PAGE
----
River Barges Might Use Portby Al Gibbs, Staff Writer
The News Tribune, August 21, 2004
Containers might be coming to the Port of Tacoma on barges for the first time, after "K" Line America, Inc., brings its export business here from Portland later this year.
The Japanese container line takes 50 or 60 containers a week by barge down the Snake and Columbia rivers to Portland, where they're loaded aboard outbound vessels that late this year will be moving to Tacoma. The company might be able to barge the containers to Tacoma to load.
"We haven't decided" how to get export containers from Portland to Tacoma, Peter Bennett, "K" Lines' vice president of operations on the West Coast, said Friday. "I don't know about barges."
Other possibilities include by truck or rail.
The subject arose after the port and International Transportation Service, Inc., approved an agreement that will keep "K" Line in Tacoma for at least another 20 years at a much larger terminal. ITS, a subsidiary of the parent "K" Line company, operates the Husky Terminal at Tacoma in a joint venture.
The agreement was ratified Thursday by the port commission.
"K" Line calls at a 33-acre terminal for which it pays $1.8 million a year. Next year, "K" Line and Husky will move to Terminal 3-4 when the terminal is remodeled after Taiwanese line Evergreen America, Inc., moves to Pierce County Terminal.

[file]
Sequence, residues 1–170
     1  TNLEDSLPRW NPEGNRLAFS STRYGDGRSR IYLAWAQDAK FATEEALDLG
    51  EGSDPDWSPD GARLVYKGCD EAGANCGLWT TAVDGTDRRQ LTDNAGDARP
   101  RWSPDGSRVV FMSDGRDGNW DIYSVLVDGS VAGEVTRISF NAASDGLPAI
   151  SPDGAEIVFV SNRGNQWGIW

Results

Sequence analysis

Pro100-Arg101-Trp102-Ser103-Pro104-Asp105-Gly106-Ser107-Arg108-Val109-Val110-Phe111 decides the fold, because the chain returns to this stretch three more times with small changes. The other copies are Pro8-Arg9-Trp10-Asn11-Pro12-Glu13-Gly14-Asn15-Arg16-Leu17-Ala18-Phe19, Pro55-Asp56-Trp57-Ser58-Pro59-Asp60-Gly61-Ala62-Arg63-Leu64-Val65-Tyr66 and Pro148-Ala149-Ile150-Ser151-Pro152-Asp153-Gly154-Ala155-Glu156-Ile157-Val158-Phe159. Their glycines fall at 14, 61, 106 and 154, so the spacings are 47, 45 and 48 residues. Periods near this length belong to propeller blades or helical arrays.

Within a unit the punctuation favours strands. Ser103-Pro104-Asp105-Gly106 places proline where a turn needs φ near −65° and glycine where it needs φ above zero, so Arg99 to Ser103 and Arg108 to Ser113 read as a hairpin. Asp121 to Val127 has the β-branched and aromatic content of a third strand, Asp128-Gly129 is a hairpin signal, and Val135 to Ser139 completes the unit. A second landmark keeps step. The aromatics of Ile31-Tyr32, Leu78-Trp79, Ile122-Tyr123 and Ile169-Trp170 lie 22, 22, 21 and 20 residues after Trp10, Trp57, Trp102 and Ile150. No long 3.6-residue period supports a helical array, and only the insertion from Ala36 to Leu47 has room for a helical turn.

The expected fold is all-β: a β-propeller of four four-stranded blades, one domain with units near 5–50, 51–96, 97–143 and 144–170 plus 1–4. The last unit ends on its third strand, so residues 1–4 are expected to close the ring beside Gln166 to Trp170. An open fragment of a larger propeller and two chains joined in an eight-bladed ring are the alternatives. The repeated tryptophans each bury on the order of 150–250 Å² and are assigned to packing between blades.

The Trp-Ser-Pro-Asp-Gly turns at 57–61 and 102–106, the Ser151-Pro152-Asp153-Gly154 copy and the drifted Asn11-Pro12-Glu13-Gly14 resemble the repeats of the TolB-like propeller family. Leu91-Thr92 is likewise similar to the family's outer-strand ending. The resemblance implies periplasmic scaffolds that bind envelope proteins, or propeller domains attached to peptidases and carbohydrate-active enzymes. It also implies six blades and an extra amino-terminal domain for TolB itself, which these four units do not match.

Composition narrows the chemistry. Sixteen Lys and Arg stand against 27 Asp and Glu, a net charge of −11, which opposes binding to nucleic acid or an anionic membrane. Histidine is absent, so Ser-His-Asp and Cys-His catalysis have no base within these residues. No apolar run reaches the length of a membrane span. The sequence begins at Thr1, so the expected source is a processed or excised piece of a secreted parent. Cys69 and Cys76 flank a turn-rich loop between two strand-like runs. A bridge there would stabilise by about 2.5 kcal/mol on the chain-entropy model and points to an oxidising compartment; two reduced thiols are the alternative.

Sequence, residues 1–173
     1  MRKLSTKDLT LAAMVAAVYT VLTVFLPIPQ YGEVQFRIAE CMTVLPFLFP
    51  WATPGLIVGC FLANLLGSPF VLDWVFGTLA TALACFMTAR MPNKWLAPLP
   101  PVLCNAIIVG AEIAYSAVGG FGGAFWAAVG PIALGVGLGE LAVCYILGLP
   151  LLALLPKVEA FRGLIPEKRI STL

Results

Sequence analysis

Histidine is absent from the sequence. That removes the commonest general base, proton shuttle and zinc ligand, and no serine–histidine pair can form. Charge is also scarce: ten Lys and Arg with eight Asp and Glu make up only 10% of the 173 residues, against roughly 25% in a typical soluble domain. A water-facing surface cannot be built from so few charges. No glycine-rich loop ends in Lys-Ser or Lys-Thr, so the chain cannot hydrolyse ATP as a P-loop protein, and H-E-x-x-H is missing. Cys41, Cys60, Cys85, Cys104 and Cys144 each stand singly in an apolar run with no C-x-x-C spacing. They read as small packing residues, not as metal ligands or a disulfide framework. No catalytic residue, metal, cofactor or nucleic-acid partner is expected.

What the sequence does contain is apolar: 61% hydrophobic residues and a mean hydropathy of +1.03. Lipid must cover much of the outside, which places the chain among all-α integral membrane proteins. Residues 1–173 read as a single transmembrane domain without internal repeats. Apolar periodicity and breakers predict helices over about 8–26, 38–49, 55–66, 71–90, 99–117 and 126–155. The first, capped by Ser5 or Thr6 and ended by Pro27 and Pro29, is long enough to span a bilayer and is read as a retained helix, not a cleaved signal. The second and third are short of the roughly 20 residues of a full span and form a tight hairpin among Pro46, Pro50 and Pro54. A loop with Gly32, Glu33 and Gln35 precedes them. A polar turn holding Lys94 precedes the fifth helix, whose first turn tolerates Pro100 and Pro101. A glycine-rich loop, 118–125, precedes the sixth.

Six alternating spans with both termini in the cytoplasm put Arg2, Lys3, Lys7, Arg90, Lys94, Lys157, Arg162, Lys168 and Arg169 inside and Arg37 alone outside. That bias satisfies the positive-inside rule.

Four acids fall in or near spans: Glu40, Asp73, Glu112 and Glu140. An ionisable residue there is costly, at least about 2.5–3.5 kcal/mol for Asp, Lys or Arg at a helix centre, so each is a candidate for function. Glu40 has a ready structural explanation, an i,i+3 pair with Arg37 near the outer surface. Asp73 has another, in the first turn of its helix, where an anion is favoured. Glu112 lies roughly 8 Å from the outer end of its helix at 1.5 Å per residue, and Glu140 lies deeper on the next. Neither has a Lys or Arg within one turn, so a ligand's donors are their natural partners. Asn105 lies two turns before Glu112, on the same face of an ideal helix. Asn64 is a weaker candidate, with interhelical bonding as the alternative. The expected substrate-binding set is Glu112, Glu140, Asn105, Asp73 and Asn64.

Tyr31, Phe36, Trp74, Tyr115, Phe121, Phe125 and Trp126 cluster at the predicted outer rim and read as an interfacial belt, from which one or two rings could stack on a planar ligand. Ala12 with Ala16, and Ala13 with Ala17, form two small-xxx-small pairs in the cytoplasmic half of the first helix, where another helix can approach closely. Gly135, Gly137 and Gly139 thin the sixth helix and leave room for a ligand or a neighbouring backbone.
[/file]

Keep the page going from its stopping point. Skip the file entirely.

"K" Line will take the 74-acre terminal, at a rent of $5.2 million a year, then pay $7 million annually in a year or so when the terminal is expanded to 93 acres.
That doesn't include charges for renting cranes and the straddle carriers that move containers onto rail cars.
"It's sad to move out of (the current) terminal," said John Miller, executive vice president of ITS. "But we're certainly delighted.
"This port is the most forward-looking (port) of any we deal with."
"We have big plans for this port," agreed Steve Rubin, vice president of liner operations for "K" Line.
Among other things, "K" Line is acquiring ever-larger container ships.
The line also brings cars to Tacoma.
"K" Line is also responsible for some barging business out of Tacoma. It carries aircraft fuselage sections from Japan to Tacoma in oversized containers and places them on barges here for transport to Boeing's Everett 777 assembly plant.
Barges from a river system that helps support the Portland port is another matter.
"We are concerned about how we can continue to support upriver barge service," Bennett said.
Generally, river barges are smaller and require less water depth than deep-sea barges. "K" Line wants to move containers as little as possible, so moving from river equipment to ocean barges might not be financially feasible.
"It might not be something we're involved in," said Brendan Dugan, the port's senior director of container matters.
Added business planning manager Doug Ljungren: "From our point of view, we don't want to discourage them."
The question will be discussed during a session with Oregon Agriculture Department and other officials Thursday in Portland. There is, said one official, "tremendous interest in the current critical situation."
Agricultural products barged down the river in containers range from frozen french fries to tightly compressed hay bales.
"We hope to continue to support the barge system and will be reviewing how to best serve the Columbia River shippers under our new vessel rotation," Bennett said.
Lewiston Container Shipping, Fact Sheet, 1997 Port of Lewiston
Portland Container Shipping, Fact Sheet, 2002 Port of Portland
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